When a Frederick Wiseman film finds its rhythm, time stops being of any consequence. In his best films (which, by my count, are Hospital, Welfare, Near Death, In Jackson Heights and Ex Libris: The New York Public Library), individual scenes and sequences send out signals that resound and redouble, their significance becoming more apparent when, perhaps hours later, one of the salient concerns emerges in new circumstances. Wiseman’s editing structures become elaborate maps of meaning, and any questions…
In A Lover’s Discourse, Roland Barthes compiles a catalogue of love complaints from across literature: novels, poems, works of philosophy and psychology. In cinema, many romance-themed films are in conversation with Barthes’ text; some have internalised and shaped the concepts for the big screen, like Claire Denis’ Let the Sunshine In, and even added to both its sentence and gesture repertoire. One line from A Lover’s Discourse floats to mind more often than others, and most often during…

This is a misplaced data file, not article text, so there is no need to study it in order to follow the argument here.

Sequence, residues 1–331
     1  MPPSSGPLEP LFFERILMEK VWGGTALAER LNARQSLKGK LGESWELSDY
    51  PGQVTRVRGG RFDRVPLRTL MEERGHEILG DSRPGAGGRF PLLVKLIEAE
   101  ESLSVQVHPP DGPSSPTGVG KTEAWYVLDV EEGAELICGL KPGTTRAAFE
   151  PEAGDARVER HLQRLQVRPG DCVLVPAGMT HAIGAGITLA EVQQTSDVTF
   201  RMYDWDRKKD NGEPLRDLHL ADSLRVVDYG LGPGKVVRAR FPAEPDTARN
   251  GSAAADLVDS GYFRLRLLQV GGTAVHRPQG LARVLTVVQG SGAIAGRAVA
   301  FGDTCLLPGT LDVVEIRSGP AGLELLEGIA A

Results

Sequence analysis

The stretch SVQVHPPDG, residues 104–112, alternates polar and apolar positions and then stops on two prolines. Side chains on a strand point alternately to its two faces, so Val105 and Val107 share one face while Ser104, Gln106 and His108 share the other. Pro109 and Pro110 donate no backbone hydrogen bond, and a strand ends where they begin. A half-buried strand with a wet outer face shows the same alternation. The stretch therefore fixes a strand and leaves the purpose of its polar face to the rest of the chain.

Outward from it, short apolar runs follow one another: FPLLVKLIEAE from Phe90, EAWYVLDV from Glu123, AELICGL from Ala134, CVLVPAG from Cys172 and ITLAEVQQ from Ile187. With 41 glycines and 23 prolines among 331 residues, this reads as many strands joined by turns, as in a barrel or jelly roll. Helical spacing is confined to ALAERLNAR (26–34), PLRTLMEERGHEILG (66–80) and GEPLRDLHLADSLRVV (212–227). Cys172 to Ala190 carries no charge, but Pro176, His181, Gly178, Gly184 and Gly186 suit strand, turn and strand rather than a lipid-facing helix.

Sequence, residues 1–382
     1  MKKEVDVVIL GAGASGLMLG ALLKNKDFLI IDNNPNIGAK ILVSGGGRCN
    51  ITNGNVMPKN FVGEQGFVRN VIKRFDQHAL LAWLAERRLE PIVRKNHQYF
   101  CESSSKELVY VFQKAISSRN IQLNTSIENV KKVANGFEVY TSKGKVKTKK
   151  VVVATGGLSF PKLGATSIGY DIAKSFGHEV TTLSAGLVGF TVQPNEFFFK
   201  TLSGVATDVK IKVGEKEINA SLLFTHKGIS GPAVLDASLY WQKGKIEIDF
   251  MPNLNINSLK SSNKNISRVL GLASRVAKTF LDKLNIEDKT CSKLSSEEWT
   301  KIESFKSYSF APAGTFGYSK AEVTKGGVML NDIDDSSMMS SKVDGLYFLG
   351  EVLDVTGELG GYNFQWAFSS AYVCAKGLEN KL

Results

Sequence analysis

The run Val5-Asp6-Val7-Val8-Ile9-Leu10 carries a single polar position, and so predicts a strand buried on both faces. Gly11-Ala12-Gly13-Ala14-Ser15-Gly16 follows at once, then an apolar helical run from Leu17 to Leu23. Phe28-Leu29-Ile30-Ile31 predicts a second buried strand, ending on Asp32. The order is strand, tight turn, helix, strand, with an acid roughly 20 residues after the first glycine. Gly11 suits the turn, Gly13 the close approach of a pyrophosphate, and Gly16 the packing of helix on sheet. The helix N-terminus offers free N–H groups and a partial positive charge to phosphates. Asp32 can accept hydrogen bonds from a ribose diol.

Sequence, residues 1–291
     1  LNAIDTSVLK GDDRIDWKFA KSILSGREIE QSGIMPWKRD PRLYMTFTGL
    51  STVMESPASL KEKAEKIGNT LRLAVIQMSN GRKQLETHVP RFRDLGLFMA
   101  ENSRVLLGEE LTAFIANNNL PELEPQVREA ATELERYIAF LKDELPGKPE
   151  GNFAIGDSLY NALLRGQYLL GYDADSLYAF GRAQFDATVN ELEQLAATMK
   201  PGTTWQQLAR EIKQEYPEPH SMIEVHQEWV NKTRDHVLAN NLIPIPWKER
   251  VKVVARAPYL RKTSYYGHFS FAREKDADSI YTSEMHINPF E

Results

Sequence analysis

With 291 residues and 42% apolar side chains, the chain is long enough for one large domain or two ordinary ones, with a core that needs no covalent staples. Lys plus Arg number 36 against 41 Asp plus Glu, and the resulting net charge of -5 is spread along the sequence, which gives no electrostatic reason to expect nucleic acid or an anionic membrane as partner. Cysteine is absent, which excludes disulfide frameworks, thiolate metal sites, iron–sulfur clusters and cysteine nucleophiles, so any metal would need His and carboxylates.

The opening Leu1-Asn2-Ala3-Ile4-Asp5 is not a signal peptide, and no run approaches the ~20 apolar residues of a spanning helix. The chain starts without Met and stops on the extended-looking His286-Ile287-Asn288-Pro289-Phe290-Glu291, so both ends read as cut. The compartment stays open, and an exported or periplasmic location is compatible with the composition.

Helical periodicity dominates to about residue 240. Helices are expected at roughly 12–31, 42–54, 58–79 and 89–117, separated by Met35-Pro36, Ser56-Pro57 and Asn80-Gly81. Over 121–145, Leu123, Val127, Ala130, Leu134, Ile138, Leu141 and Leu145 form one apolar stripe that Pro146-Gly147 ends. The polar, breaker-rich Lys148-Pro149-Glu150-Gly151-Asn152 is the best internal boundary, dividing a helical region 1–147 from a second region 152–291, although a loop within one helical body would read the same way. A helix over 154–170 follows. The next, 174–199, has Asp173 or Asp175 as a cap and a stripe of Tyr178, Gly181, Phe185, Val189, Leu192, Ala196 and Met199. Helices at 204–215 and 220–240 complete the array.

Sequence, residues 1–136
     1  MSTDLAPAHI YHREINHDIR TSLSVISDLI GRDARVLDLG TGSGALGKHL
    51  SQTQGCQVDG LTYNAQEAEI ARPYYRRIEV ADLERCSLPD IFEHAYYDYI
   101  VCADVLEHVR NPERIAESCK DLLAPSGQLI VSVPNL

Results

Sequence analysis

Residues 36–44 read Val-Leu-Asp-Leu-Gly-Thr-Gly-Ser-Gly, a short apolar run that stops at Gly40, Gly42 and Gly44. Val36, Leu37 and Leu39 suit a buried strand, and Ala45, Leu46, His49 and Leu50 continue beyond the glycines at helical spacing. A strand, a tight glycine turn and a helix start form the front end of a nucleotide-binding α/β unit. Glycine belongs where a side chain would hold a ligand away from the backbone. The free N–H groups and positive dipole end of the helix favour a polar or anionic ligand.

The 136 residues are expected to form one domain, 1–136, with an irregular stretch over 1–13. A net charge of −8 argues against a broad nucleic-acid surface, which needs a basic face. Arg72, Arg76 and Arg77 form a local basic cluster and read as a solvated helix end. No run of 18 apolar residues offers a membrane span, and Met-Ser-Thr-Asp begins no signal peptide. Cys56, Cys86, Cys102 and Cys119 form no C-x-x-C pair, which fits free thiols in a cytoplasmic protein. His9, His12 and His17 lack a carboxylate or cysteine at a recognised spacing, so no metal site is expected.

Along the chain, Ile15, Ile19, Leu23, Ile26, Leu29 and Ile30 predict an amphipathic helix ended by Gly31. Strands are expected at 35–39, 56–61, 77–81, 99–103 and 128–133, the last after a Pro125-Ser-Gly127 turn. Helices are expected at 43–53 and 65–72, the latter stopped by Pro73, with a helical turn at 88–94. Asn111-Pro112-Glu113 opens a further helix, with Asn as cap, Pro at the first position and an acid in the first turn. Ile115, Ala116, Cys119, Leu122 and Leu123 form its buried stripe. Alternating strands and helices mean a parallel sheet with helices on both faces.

This review may contain spoilers. I can handle the truth.
A brilliant, near flawless argument for not allowing directors to make versions of their most beloved movies. This is awful in an unrelenting, oblivious, deeply stupid way, and it infiltrates every layer of the form. (The editing, in particular, is ghastly.) Only two of the many nonsensical stretches do anything worth noting, both dance sequences, in one way or another. I've read that the choreography is horseshit, but in my ignorance about modern dance I couldn't tell; so the Volk…